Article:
The National Register of Citizens (NRC) is the long-delayed culmination of the Assam Movement against illegal migrants which led to the signing of the Assam Accord in 1985. An Amendment in 1986 that brought Section 6A to the Citizenship Act, 1955 created a special category of citizens in relation to Assam. Under the amendment, citizenship criteria for the state of Assam shall be as follows:
- those who entered Assam from specified territory (territories included in Bangladesh after immediately before commencement of Citizenship (Amendment) Act, 1985) before January 1, 1966 and have been ordinary residents will be deemed Indian Citizens,
- those who entered between January 1, 1966 to March 24, 1971 will get electoral rights at expiry of 10 years from the date of detection as foreigners, and
- those who entered Assam after March 24, 1971, would be declared foreigners and deported.
Following people are also eligible to be included in NRC-
- People who came from Bangladesh between January 1, 1966, and March 24, 1971, registered themselves with the Foreigner Regional Registration Office and were declared by the Foreigner Tribunal as Indian citizens.
- All Indian citizens including their descendants who moved to Assam after March 24, 1971. (They need to furnish proof of residence in another part of the country as on March 24, 1971.)
Several petitions including by Assam Sanmilita Mahasangha, challenging the constitutional validity of Section 6A of the Citizenship Act, 1955, have been filed in the Supreme Court. A decision is yet to be made on these petitions.
The major statutes governing the administrative process of NRC in Assam are:
- The Citizenship (Registration of Citizens and Issue of National Identity Cards) Rules, 2003, published under the Citizenship Act, 1955, and
- The Foreigners’ Tribunals Order, 1964 (as amended in 2019) which was passed by Government of India (GoI) under Section 3 of Foreigners Act, 1946. The GoI can constitute Foreigners Tribunals whenever required to look into the question of whether a person is or not a foreigner within the meaning of Foreigners Tribunals Act, 1946.
The Citizenship (Registration of Citizens and Issue of National Identity Cards) Rules, 2003 provides for Special Provision as to manner of preparation of National Register of Indian Citizen in State of Assam which are specified in the schedule appended in these rules.
The Foreigners Tribunals Order, 1964 (as amended in 2019) sets the procedure for functioning of the Tribunals and procedure for appeal against inclusion or exclusion under the NRC.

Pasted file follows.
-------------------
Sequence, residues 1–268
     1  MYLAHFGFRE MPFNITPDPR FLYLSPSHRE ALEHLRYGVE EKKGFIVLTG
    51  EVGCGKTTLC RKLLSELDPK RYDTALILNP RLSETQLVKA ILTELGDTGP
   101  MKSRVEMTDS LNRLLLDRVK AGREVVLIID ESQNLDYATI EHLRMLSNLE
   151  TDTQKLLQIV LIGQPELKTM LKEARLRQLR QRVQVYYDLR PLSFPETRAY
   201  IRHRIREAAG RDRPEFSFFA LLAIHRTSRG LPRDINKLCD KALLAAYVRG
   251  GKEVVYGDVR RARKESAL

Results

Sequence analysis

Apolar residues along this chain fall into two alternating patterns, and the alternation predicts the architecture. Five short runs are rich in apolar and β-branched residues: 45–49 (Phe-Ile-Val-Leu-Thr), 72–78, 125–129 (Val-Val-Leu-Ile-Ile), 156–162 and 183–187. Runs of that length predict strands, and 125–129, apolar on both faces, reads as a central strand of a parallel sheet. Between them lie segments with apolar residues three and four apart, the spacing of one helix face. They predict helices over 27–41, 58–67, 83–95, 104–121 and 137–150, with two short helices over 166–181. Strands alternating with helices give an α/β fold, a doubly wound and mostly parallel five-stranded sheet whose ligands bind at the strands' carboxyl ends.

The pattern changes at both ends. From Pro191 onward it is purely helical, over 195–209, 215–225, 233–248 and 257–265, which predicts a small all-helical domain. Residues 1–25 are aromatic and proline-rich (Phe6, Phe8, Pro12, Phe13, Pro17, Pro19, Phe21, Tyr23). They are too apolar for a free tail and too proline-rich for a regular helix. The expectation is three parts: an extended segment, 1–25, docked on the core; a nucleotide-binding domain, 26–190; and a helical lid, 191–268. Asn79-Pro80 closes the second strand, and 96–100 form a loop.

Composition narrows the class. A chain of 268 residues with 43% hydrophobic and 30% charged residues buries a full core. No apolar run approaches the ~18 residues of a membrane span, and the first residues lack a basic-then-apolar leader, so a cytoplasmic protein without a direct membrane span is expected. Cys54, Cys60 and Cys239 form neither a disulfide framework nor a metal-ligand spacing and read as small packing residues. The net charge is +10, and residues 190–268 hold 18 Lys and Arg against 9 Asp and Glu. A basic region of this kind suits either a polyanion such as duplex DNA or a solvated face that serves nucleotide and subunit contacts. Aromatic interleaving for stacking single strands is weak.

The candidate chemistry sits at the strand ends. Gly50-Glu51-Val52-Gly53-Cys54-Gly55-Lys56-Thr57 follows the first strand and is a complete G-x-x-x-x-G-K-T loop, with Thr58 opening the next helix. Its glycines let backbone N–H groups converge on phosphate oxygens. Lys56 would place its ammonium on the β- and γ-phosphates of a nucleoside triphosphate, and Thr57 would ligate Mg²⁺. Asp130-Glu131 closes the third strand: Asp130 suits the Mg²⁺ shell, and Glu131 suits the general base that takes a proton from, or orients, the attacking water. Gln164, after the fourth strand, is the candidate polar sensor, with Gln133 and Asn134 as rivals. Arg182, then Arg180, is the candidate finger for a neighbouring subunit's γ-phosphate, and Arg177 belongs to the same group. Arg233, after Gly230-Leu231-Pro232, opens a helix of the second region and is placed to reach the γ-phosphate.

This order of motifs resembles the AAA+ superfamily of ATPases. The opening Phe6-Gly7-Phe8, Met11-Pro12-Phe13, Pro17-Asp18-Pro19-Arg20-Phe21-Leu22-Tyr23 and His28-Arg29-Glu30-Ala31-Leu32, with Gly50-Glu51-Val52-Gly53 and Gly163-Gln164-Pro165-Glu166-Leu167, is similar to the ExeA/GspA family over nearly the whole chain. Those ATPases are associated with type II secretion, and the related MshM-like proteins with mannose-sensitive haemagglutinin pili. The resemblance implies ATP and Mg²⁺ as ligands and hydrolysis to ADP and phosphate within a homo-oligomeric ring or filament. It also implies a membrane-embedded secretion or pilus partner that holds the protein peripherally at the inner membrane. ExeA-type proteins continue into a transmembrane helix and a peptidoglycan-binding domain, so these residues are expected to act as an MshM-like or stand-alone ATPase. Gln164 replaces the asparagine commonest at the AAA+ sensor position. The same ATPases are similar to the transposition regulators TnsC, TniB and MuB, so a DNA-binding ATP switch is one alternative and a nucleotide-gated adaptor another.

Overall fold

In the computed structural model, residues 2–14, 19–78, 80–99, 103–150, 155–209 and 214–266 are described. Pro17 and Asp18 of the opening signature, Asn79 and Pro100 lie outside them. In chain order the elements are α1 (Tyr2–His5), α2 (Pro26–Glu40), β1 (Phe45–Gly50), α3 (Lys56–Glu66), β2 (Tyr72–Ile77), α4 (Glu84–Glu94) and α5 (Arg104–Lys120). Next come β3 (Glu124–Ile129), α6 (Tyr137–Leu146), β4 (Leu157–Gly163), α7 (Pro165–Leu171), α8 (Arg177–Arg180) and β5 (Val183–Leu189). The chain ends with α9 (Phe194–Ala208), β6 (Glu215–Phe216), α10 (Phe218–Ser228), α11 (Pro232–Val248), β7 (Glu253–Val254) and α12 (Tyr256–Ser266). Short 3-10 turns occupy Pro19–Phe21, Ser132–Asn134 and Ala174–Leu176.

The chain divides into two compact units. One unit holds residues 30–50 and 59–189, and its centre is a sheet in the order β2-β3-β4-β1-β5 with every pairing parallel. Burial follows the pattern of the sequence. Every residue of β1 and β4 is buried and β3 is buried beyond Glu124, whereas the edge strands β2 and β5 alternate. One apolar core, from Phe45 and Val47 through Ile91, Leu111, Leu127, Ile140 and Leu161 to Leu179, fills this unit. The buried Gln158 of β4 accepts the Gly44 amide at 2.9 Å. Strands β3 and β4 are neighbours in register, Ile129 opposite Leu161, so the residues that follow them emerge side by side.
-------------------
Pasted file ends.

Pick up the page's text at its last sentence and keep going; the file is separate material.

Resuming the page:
The Registrar General of Citizens Registration published the final NRC on 31st August, 2019 which excludes 19,06,657 people. Persons excluded from the NRC Final List will not be detained under any circumstances till they exhaust all remedies available to them. The State of Assam through the District Legal Service Authorities, has provisioned free legal Aid Assistance to any person excluded from NRC and who is unable to afford such legal assistance.
Following are the legal remedies available to anyone excluded from the NRC Final list-
As per paragraph 8 of the schedule appended to the Citizenship Rules 2003 and Section 1B of the Foreigners (Tribunals) Amendment Order, 2019, any aggrieved person may prefer an appeal before the Foreigners Tribunal within 120 days from the date of the order. After the disposal of appeal by the Tribunal, the names shall be included or deleted, as the case maybe in the National Register of Indian Citizens in the State of Assam.
Section 9 of the Foreigners’ Tribunal Act puts the onus on the individual to prove that he or she is not a foreigner and empowers the Tribunal to pass ex-parte orders.
Eligibility to appeal:
- Those whose name does not appear in the list (meaning thereby has been excluded from the list)
- Those persons against whom a reference has already been made by the competent authority to any foreigners tribunal will not be eligible to file the appeal to any tribunal.
- If any Foreigners Tribunal has already given an opinion about any person earlier as a foreigner, such a person will not be eligible to file an appeal to any tribunal.
Documents required at the time of appeal:
The Appellants will have to prove that they or their ancestors were living in Assam on or before March 24, 1971. Also, anyone who participated in the electoral rolls up to March 24, 1971, or who are descendants of any such citizens, are eligible for inclusion in the NRC. Besides, the original documents such as birth certificates and land records – as long as these were issued before the cutoff date, would also be admissible as a proof of citizenship.